The conception of aggregate signature was first proposed by Boneh et al. [24] in 2003, which has played a significant role in promoting digital signature cryptography technology. Based on trapdoor permutations, sequential aggregate signature was proposed by Lysyanskaya et al. [25] in 2004. In this scheme, before adding his own signature, every signer has to verify all the previously aggregated signatures. It is, however, not suitable for the situation where the signers operate independently of each other. Accordingly, Brogle et al. [26] improved it with the idea of "lazy verification". Their scheme does not require the signer to know the public key of other signers, but the length of the signature grows linearly when the number of signers increases. In order to reduce the interaction between signers, a synchronous aggregation signature scheme with a synchronous clock was proposed by Ahn et al. [27]. The scheme allows a signer to sign at most once in each period of time, and only the signatures in the same period can be aggregate. However, the computation cost is relatively high.
The identity-based aggregation signature scheme proposed by Gentry et al. [28] does not require to store the public key of each signer. The purpose is to minimize the total amount of information for verification. However, it requires an additional trusted third party (e.g., key generation center).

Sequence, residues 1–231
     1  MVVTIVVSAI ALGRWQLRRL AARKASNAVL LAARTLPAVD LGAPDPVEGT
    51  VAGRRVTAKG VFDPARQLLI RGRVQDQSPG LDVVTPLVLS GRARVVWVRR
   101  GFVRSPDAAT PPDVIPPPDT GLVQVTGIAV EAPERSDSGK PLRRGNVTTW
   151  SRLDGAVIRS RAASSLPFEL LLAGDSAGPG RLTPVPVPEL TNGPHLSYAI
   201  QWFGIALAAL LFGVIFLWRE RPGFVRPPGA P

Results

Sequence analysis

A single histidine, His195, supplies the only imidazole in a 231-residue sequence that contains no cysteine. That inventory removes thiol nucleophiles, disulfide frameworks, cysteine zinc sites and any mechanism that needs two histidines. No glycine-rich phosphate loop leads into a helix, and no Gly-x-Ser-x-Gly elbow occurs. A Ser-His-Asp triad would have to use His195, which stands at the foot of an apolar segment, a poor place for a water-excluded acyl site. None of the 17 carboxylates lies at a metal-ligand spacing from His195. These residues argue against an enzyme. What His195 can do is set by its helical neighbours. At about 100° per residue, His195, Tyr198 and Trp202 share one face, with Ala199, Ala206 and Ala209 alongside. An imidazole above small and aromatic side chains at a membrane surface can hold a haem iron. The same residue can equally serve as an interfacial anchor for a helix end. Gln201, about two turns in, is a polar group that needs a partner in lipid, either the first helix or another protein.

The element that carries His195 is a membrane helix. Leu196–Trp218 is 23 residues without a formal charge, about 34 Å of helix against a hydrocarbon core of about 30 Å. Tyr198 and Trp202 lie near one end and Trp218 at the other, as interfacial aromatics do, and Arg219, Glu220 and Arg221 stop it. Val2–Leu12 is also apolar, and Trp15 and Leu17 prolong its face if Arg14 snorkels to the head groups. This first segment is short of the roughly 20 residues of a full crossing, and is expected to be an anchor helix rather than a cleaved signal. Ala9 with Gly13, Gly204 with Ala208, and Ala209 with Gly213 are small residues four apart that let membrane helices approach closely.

Certificateless aggregation signature has the characteristics of keyless escrow in certificateless cryptosystem and relatively low computation and communication overhead in aggregation signatures. That’s why some relevant scholars have made in-depth research on it [29,30]. In 2007, Gong et al. [29] firstly proposed two certificateless identity-based aggregation signature schemes. But there were shortcomings in respect of signature length and verification efficiency. Zhang et al. [30] introduced a certain improvement in computation efficiency. In Zhang’s scheme, the verification process, not reliant on the number of aggregate signatures, requires a small set of a constant number of pairing computations. However, the generation of aggregate signatures requires assistance of a synchronous clock.
With the Forking Lemma [31], the scheme proposed by Chen et al. [32] was proven strong security based on the hardness of computational Diffie-Hellman problem (CDHP). It makes use of the bilinear pair and state information. However, the length of signature grew with the number of signers. The scheme proposed by Li et al. [33] drew on the state information of Chen et al. [32]. It was existentially unforgeable against adaptively chosen message attacks without the Forking Lemma. The scheme provides fixed-length aggregate signatures. Zhou et al. [34] and Cheng et al. [35] effectively compensated for the shortcomings of the above two schemes [32,33] by using elliptic curve discrete logarithm problem (ECLDP). Zhou et al. [34] proposed two certificateless aggregate signatures CLAS-1 and CLAS-2, which were proven unforgeable by the discrete logarithm problem (DLP). Compared with CLAS-1, information sharing was used in CLAS-2 to aggregate partial signatures in advance. CLAS-2 provides shorter constant-level signature lengths than CLAS-1. Cui et al. [36] applied the certificateless aggregation signature scheme to vehicle ad hoc network, and used pseudo-identity to provide privacy preservation for vehicle information. The scheme has high computation efficiency. However, the length of signature is related to the number of signers.